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Why You Should Learn To Savor Your Setbacks

Failures are a vital part of successful change

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by Sarah Mahoney

Well-Being
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In my mind, progress ought to be linear: Once I decide to lose weight, do more planks or swear off bacon, those good intentions should be permanent. That means never backsliding again.

But as I fought to zip my pants this morning, I was forced to confess that yes, yet again, I’ve bounced off the weight loss wagon. I am far more familiar with this kind of struggle than I’d like to be, and every time—every single time—I chastise myself. When that happens, what really helps is trotting out the most compassionate scientific instrument ever: The Transtheoretical Model of Change. 

It’s taught me that change isn’t an event. It’s a process—and a complicated one. First laid out by alcoholism researchers at the University of Rhode Island back in the 1980s, this model has since become a key way experts look at all kinds of tricky behavioral health problems, including quitting smoking, losing weight, wearing sunscreen or a seatbelt, using condoms, working out and even eating fruits and vegetables. 

Making any of these changes requires working through distinct phases. And knowing where we are on this change-o-meter is key to how successful we will be.

1. Change? Heck no. For whatever reason, we’re just not ready. We don’t have time to exercise, or we hate getting sweaty. We’re not willing to do a budget. When we’re at this point, we are actively averse to change, even if we know it is the right thing to do. There is no point in tormenting ourselves with “shoulds.”  

2. I know I ought to make this change. But what’s the hurry? Experts call this phase precontemplation. The intention to move toward these healthier behaviors is in the offing. This still isn’t change readiness, but as our minds open to new ideas, we’re taking important internal steps to get closer to being ready. Many people spend years here.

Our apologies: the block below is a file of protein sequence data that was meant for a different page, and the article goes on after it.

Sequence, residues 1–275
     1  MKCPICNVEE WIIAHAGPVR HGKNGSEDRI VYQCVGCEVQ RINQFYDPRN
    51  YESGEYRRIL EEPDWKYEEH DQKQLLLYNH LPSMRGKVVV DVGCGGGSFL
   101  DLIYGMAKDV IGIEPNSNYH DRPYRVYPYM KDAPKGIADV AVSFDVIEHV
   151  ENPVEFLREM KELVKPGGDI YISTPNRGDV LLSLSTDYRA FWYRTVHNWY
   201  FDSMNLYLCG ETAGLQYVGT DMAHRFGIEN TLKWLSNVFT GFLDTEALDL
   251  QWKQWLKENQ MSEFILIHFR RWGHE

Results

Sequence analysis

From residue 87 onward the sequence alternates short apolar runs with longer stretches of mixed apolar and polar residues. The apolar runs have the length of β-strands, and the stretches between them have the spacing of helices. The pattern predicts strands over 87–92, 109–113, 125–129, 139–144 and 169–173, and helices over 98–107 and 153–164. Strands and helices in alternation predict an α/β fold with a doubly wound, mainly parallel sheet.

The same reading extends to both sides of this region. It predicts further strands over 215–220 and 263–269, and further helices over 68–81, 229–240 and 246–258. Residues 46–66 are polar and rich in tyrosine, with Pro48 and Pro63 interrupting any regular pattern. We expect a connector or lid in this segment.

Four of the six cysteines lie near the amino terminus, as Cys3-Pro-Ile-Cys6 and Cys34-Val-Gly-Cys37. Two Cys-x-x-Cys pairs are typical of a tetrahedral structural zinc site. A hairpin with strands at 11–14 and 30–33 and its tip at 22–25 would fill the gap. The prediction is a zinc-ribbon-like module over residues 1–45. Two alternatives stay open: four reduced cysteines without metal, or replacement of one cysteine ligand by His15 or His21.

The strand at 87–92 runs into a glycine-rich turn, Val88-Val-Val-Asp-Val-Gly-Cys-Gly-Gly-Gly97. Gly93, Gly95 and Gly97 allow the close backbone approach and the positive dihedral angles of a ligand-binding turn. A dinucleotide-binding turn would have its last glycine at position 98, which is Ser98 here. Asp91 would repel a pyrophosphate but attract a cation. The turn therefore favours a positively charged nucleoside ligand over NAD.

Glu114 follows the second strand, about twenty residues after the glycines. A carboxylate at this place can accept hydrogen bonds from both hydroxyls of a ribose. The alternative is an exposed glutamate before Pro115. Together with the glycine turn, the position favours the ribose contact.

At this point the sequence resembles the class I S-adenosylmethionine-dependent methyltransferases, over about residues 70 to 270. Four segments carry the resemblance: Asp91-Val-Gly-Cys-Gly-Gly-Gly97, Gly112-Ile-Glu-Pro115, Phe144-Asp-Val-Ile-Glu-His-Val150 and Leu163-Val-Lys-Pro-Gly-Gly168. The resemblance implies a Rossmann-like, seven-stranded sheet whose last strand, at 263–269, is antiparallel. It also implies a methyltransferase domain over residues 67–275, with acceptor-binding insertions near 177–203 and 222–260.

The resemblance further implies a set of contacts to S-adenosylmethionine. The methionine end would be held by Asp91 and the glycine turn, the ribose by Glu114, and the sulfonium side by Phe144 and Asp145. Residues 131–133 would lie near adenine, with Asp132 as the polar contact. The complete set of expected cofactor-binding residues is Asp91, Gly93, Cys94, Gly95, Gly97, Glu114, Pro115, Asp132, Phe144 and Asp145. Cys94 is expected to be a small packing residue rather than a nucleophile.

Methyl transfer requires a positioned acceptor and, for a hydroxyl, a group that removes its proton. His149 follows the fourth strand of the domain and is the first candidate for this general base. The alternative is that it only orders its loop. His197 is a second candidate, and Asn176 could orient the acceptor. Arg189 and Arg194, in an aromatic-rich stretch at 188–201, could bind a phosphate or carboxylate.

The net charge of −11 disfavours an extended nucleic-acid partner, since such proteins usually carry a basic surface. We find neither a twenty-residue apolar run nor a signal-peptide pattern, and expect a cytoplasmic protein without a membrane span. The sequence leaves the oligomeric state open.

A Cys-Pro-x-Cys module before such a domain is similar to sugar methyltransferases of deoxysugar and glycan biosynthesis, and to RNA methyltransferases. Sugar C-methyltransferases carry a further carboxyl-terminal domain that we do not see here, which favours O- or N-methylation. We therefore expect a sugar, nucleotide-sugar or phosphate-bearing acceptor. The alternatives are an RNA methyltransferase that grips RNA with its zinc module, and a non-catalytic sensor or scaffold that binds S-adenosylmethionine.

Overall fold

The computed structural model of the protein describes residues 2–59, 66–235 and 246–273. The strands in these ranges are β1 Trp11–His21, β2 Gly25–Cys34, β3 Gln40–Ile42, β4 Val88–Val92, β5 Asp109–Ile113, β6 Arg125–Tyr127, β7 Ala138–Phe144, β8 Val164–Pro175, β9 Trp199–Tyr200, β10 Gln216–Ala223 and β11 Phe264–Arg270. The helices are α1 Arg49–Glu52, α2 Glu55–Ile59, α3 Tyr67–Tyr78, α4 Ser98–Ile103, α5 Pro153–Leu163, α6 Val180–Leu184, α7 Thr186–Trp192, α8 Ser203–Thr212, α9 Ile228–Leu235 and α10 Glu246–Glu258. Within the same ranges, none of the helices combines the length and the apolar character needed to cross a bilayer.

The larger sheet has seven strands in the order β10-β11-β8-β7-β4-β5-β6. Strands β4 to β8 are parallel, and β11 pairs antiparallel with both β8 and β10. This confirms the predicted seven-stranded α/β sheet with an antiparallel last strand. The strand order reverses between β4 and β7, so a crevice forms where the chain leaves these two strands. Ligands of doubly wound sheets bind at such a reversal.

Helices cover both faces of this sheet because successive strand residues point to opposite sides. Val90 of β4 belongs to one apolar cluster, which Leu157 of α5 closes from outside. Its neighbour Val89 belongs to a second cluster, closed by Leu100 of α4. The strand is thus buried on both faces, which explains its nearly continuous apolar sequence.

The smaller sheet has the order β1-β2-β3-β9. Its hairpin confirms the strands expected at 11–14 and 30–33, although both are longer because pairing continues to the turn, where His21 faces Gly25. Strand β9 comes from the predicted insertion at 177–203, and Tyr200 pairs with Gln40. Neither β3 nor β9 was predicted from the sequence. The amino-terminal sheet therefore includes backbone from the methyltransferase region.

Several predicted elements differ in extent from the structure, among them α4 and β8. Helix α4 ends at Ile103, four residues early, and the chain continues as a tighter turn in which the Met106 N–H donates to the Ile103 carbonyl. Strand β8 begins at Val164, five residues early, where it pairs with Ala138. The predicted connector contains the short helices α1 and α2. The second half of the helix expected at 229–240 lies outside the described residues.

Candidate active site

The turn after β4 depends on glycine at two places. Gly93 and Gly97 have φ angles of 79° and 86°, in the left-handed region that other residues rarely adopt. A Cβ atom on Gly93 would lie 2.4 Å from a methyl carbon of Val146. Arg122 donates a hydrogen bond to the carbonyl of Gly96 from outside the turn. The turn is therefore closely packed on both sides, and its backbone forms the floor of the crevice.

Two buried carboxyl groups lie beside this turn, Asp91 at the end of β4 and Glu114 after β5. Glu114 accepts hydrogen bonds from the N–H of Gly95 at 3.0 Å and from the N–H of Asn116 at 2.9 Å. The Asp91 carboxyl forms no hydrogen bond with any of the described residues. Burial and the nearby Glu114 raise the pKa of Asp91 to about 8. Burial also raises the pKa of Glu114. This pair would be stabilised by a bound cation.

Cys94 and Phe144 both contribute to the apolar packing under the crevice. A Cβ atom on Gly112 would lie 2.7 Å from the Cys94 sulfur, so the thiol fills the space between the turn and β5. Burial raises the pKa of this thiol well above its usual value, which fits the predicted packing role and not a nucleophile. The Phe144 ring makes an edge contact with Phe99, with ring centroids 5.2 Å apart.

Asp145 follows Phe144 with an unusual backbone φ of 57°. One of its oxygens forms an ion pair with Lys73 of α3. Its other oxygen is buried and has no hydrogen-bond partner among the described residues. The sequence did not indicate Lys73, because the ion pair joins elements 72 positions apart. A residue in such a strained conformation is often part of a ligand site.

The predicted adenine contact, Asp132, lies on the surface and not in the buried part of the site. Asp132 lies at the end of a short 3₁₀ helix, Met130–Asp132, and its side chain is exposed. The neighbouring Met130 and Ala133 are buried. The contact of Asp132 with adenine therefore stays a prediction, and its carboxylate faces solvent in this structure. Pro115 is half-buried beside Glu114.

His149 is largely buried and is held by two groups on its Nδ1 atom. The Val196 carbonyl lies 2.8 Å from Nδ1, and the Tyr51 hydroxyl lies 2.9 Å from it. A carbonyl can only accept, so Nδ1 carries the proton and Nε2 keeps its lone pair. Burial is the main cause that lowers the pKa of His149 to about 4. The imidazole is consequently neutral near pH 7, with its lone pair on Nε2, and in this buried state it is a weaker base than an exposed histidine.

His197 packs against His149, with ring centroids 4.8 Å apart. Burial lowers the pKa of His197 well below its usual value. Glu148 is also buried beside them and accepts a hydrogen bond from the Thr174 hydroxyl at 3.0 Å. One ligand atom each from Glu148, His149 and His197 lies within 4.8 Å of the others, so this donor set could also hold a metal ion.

3. Okay. I’m willing to consider it. At this stage, known as contemplation, people often see themselves ready to make the big change within six months.

4. What do I need to do to get started? This is the preparation stage, and it’s exciting. We ask friends questions about their workouts or look up different weight loss programs, debating the Paleo Diet versus South Beach. At this point, most people see themselves within a month of actually lacing up their sneakers or putting down cigarettes 

5. Look at me—I’m doing it! This action phase means that the new behavior is being built into our routines, however imperfectly, for about six months.

6. I don’t know how I fit it in. I just do it. After six months of any new behavior, the likelihood of reverting back to the old habit decreases. Experts call it the maintenance phase. We stick with the change not because we should, but because we like it.

But here’s the lovely—albeit maddening—thing these researchers discovered about the change process. It's not linear at all, but a slow steady spiral, with most people cycling through these phases repeatedly before the change becomes semi-permanent. And—since each of these stages is complicated and involved—plenty of people do this “recycling” (a word I like much better than relapsing) quite a few times. 

So wherever I am on the change cycle today—from stubborn determination to order French fries to scheduling an extra weight-training session—I’ve learned the best approach to is to be kind to myself, and patient. Like Rome, change isn’t built in a day.

Photo Credit: Moment/Getty